This blog post is courtesy of HRMS World.
Unless you bought your HRMS for purely ornamental purposes, you’ll be looking for a return on your investment. You’ve invested time, money, and probably a great deal of effort so you expect to see some benefits from that expense. Those benefits might be reduced costs, headcount savings, freeing up people and resources for higher priority work, and of course, better management of your HR processes. All returns worth having – the question is, how to measure those returns.
The importance of measuring HRMS ROI
Measuring or calculating potential ROI takes time and effort but it is an important part of justifying the expense to your executive team. Other key benefits of measuring the ROI of your HRMS purchase are:
- You gain insight into the efficiency of your HR processes.
- The results can help guide your future HRMS strategy (e.g. Do you need additional modules? More user training?).
- You get feedback on the quality of the vendor you selected and the implementation process.
- You know – and can prove – you got your money’s worth (or not).
Estimating ROI before implementation
Presumably, you have a business case. That is a good place to start your ROI exercise. That document (even if it’s on the back of a used envelope) promised improvements in terms of cost, efficiency or resources. While the business case points you in the direction of what to measure, you need to decide on the right metrics – what data will you use to determine the improvements? That choice of metric may be restricted, depending on what historical data you have available, but data sources might include:
- Calls or inquiries to HR for specific types of information or help now available via HRMS self-service
- Engagement – comparing data from before-and-after staff opinion surveys
- The proportion of your business’s total operating costs allocated to your workforce
- Or, specific process metrics, such as recruitment metrics (e.g. time to hire, source of hire, and offer acceptance rate).
Depending on your organization, and what benefits you hope to get from your HRMS, your data sources may vary.
Measuring actual ROI
Once you have an idea of where to find the data, you can start measuring: first, what it cost you to get the system up and running; second, what value you have gained from it.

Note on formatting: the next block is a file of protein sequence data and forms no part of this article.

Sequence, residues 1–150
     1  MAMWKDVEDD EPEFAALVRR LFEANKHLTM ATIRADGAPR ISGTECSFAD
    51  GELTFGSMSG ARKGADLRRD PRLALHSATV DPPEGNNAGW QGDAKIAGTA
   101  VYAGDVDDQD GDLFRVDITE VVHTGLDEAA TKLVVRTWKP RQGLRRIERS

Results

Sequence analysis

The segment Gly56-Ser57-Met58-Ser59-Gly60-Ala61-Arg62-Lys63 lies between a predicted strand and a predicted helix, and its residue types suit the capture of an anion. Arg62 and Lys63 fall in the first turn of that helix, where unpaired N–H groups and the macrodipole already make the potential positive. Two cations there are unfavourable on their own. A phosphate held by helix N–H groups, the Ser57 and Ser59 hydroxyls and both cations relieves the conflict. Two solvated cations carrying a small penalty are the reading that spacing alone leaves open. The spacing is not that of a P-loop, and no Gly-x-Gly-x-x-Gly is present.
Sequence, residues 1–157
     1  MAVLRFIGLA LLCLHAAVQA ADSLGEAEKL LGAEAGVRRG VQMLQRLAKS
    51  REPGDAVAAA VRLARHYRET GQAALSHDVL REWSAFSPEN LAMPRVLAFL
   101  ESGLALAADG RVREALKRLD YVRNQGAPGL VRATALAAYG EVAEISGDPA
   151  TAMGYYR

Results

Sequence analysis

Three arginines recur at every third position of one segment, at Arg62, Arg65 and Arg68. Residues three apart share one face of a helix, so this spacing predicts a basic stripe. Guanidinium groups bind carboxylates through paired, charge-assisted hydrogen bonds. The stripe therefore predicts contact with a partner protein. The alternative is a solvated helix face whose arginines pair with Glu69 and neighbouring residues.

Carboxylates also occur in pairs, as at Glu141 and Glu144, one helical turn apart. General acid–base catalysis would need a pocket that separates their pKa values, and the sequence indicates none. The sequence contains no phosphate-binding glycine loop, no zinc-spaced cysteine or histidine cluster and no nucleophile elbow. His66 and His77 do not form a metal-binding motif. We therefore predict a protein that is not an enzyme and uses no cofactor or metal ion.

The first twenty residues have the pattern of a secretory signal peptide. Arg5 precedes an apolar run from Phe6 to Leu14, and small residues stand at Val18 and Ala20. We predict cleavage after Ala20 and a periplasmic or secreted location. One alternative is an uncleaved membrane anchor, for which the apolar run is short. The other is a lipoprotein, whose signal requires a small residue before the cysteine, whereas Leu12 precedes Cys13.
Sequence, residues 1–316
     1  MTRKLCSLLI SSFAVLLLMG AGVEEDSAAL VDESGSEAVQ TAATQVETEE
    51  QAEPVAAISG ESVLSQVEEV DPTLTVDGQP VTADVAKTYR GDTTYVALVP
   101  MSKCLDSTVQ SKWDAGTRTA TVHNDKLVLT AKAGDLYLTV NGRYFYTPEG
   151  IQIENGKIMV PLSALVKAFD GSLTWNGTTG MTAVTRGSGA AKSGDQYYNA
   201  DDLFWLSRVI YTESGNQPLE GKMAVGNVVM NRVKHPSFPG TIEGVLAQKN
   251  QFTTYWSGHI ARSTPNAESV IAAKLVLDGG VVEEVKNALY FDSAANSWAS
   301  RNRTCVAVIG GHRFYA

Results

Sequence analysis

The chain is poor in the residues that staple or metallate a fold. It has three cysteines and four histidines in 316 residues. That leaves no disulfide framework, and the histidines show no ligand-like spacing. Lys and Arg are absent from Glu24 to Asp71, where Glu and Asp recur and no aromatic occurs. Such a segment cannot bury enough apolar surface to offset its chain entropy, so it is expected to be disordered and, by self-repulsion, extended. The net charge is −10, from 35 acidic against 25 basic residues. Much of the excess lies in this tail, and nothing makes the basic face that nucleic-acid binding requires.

What did it cost?
The total cost of your HRMS consists of a number of expenses, including:
- Ticket price – What the vendor charged you for the software.
- Installation – Includes staff time (project teams, meetings, user groups, etc.), user training, consultancy fees (if any), storage space in the cloud or servers/hardware if on-site.
- System maintenance – Includes staffing costs (anybody involved in keeping the HRMS running), the vendor’s maintenance and support service, and any other ‘extra’ expenses contracted for.
- System upgrades – Not usually a frequent expense, upgrades may nevertheless be an additional cost point.
What value have you gained from it?
- HR productivity KPIs.
- Time savings due to HRMS self-service transactions.
- Improved employee retention (e.g. as shown by the impact of the HRMS on your recruitment metrics).
- Reduced employee turnover (how many recruitment campaigns have you NOT run due to the better retention?).
- A reduction in time-per-transaction for common HR processes.
- Better attendance for training activities and therefore better value for money.
- Fewer sanctions or penalties for compliance issues.
How to determine whether the project was worth it
In a nutshell, did you save more than you spent? That’s the bottom line, but within that single conclusion, there are nuances, and you can drill down for a closer insight. For example:
If the balance is on the side of the savings, was it enough to make the investment of time, money, and effort worth it?
If the system cost more than it returned, what happened? Where were the contributing factors or pitfalls? Maybe the chosen HRMS was not fit for purpose, or insufficient user training led to a low adoption rate, or people simply didn’t know about the change of system (check your communication strategy!)
The final question is practical: what next? How do the results of this ROI exercise shape your future? How will you drive adoption and use of the system? When will you add further HRMS functionality? What lessons have you learned about implementing HR technology? And so on.
Measuring HRMS ROI is an exercise in learning. And learning is only of use if you apply it.
About the Author: Dave Foxall is a regular contributor to HRMS World, and has worked as HR Manager for the Ministry of Justice for a number of years. He now writes on a broad range of topics including jazz music, and, of course, the HRMS software market.
Trying to justify the cost of new HR technology and struggling to build a business case? Download our eBook on The Business Value of HR Technology.